It is thought that these sturdy dogs originated in the Tibetan mountains, and they were esteemed members of the Chinese royal family. Over the centuries, court officials jealously guarded their breeding programs to produce dogs that would win royal favor. The luxurious, dense coat, which is long, flowing and silky in texture, can come in any color and with a variety of markings. It requires regular grooming. The Shih Tzu is beloved for his happy, outgoing temperament, his affectionate demeanor and his devotion to his family. These qualities plus a friendly and trusting nature make the Shih Tzu a great house pet and companion.
Height at shoulder: 8-11". Weight: 9-16 lbs. AKC group: Toy Dogs.
The legend of the Shih Tzu has come to us from documents, paintings, and objets d'art dating from A.D. 624. During the Tang Dynasty, K'iu T'ai, King of Viqur, gave the Chinese court a pair of dogs, said to have come from the Fu Lin (assumed to be the Byzantine Empire). Mention of these dogs was again made in A.D. 990-994 when people of the Ho Chou sent dogs as tribute.
Another theory of their introduction to China was recorded in the mid-17th century when dogs were brought from Tibet to the Chinese court. These dogs were bred in the Forbidden City of Peking. Many pictures of them were kept in The Imperial Dog Book. The smallest of these dogs resembled a lion, as represented in Oriental art. In Buddhist belief there is an association between the lion and their Deity. Shih Tzu means Lion. The dogs for court breeding were selected with great care. From these the Shih Tzu known today developed. They were often called "the chrysanthemum-faced dog" because the hair grows about the face in all directions.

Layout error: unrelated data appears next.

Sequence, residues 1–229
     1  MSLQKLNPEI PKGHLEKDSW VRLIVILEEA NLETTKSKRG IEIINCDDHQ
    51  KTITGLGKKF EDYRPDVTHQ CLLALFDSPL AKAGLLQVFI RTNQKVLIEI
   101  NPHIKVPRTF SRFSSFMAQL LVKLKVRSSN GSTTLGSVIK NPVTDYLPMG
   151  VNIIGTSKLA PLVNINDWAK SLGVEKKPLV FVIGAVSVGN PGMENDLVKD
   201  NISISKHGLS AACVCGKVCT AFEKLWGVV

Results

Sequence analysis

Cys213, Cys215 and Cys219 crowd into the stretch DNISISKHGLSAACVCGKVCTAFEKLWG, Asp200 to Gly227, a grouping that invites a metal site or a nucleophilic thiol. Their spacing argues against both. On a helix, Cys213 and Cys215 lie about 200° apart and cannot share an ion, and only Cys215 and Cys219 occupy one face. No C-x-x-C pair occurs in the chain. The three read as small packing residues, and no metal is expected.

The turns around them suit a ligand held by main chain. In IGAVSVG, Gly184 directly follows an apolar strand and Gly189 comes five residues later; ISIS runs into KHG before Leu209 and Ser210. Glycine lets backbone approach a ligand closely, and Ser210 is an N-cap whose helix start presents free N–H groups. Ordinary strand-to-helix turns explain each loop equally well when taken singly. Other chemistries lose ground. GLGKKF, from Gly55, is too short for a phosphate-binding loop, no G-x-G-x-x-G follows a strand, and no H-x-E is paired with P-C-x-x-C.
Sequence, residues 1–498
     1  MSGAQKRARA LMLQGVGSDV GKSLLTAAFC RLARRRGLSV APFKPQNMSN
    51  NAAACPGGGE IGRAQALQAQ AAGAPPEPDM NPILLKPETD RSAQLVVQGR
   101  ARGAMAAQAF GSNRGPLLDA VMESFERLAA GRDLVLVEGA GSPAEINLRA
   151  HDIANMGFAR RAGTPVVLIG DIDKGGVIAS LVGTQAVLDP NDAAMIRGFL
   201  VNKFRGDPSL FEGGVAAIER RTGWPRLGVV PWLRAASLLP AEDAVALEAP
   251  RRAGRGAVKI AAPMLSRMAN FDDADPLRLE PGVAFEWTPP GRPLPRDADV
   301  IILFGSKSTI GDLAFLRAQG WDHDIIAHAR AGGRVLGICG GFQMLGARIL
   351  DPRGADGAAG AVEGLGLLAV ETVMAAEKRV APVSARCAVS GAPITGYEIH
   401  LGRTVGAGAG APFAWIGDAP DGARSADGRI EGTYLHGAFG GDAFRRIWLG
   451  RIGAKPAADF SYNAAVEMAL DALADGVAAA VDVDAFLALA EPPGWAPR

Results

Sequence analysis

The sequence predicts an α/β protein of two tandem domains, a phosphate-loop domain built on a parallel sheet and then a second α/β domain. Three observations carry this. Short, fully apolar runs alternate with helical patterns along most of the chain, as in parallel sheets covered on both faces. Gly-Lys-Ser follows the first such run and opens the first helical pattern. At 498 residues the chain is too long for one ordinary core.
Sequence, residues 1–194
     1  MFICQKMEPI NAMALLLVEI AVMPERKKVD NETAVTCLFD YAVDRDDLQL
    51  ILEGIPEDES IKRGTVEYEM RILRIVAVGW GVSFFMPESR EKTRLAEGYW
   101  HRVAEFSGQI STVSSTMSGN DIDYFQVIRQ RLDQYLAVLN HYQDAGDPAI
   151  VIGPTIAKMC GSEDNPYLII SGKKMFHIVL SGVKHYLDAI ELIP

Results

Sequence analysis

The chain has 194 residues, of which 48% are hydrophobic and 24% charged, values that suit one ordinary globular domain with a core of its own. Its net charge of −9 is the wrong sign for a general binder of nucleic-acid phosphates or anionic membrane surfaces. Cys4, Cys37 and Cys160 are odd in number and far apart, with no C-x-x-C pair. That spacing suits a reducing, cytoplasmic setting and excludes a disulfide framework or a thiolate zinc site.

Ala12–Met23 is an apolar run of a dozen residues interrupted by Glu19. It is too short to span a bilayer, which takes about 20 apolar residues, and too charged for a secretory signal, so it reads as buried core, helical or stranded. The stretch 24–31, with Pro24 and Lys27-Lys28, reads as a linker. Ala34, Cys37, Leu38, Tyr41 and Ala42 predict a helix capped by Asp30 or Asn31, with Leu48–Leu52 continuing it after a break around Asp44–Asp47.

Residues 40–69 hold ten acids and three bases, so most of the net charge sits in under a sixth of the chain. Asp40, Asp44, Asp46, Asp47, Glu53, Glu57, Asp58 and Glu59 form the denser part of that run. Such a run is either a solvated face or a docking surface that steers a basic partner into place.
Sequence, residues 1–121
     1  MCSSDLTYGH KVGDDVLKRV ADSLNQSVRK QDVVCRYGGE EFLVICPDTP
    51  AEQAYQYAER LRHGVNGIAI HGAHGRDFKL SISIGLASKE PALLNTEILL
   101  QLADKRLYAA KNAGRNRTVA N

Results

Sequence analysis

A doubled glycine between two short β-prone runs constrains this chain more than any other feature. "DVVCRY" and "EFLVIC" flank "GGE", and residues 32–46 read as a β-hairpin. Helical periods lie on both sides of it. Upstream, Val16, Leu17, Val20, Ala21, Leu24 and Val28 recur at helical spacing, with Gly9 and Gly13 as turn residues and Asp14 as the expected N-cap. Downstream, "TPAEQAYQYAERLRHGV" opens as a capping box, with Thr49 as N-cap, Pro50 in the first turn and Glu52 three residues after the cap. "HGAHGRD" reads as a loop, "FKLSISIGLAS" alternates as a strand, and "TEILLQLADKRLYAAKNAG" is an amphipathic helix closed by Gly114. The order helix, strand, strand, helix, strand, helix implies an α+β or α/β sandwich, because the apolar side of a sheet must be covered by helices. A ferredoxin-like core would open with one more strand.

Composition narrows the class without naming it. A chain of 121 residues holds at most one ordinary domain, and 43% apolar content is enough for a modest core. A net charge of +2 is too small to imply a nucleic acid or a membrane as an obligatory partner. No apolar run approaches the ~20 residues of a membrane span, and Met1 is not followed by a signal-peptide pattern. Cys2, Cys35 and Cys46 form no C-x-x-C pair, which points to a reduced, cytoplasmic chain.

These dogs were small, intelligent, and extremely docile. It is known that the breeding of the Shih Tzu was delegated to certain court eunuchs who vied with each other to produce specimens which would take the Emperor's fancy. Those which were selected had their pictures painted on hangings or tapestries, and the eunuchs responsible for the dogs were given gifts by the Emperor.
It is known that the Shih Tzu was a house pet during most of the Ming Dynasty and that they were highly favored by the royal family. At the time of the Revolution a large number of dogs were destroyed and only a few escaped the invaders' knives.
In 1934, the Peking Kennel Club was formed and by 1938 a standard for the Shih Tzu was developed with the help of Madame de Breuil, a Russian refugee. Breeding of the Shih Tzu began in England after Miss Madelaine Hutchins brought one pair of her own and another of General and Mrs. Douglas Brownrigg's from China in 1930. The breed was first classified as "Apsos," but after a ruling by the Kennel Club that Lhasa Apsos and Shih Tzu were separate breeds, the Shih Tzu Club of England was formed in 1935.
From England, dogs of this breed were sent to the Scandinavian countries, to other countries in Europe, and to Australia. During World War II, members of the American Armed Forces stationed in England became acquainted with the breed and on their return brought some back to the United States, thus introducing them to this country. Since then many have been imported.
The Shih Tzu was admitted to registration in the American Kennel Club Stud Book in March 1969, and to regular show classification in the Toy Group at AKC shows beginning September 1, 1969